Dow Chemical Company history
Founded by Herbert H. Dow (1866–1930), chemist and horticulturist, in Midland, Michigan, in 1897, the company is the second-largest chemical company in the United States. Dow was born in Belleville, Ontario, Canada, but grew up in Cleveland, where he studied chemistry at Case School of Applied Science (now Case-Western Reserve University). He invented a process for extracting bromine from brine while still a student, and after several failed ventures founded the Dow Chemical Company at Midland, Michigan, in 1897.
Dow continued his chemical research activities throughout his life, amassing 107 patents while simultaneously directing a growing chemical company. Among his developments was Dowmetal, a magnesium metal extracted from underground brines. At the time of his death he was working on the extraction of magnesium from seawater, a development completed under the direction of his son and successor, Willard H. Dow. He died at Rochester, Minnesota, in 1930. His avocation, horticulture, gave birth to his company’s agricultural chemicals division and to the Dow Gardens, now a major Michigan tourist attraction.
The company continued to flourish after his death and inaugurated a plant where magnesium was extracted from seawater in 1939 in Freeport, Texas. The process was considered an engineering triumph and a major contribution to the Allied victory inWorld War II. The company also was a pioneer in the plastics field during the 1930s, developing polystyrene, saran, and Styrofoam, among other products. Its styrene was a key component of styrene-butadiene rubber, which replaced natural rubber during the war. In the postwar era the company again expanded rapidly to become a global force in the CHEMICAL INDUSTRY, manufacturing some 2,000 products. These range from metals to agricultural chemicals, among them Dursban, the world’s largestselling insecticide. In the 1960s, the company became a favorite target of students protesting the war in Vietnam because of its production of napalm for the military forces. During the 1990s the company reorganized, selling its pharmaceutical branch, Marion Merrell Dow, to the Hoechst Company of Germany, disposing of several smaller ventures, and streamlining its workforce from about 55,000 to 40,000. In 1999, it announced plans to merge with Union Carbide Corporation of New York City.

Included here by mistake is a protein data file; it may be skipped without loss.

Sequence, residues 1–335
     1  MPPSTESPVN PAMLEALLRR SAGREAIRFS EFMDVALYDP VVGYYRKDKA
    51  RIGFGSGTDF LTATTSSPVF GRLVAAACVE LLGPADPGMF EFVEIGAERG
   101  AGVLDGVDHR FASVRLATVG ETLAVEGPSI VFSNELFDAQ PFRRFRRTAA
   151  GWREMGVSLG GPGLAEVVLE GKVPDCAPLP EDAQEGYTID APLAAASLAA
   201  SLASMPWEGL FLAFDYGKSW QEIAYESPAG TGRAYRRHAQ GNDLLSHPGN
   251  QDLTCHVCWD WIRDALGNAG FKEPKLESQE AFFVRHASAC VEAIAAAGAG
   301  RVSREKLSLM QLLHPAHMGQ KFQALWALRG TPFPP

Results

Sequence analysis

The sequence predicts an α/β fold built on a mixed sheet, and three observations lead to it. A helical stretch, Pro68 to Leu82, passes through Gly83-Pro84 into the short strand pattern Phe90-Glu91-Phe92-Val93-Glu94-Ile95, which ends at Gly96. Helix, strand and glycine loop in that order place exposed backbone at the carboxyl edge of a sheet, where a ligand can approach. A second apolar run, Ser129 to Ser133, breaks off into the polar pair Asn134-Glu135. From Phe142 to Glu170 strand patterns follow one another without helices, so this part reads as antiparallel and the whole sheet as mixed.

See also DUPONT DE NEMOURS & CO., E. I.
- Brandt, E. N. Growth Company, Dow Chemical’s First Century. East Lansing: Michigan State University Press, 1997.
- Campbell, Murray, and Harrison Hatton. Herbert H. Dow, Pioneer in Creative Chemistry. New York: Appleton-Century-Crofts, 1951.
- Whitehead, Don. The Dow Story: A History of the Dow Chemical Company. New York: McGraw-Hill, 1968.
E. N. Brandt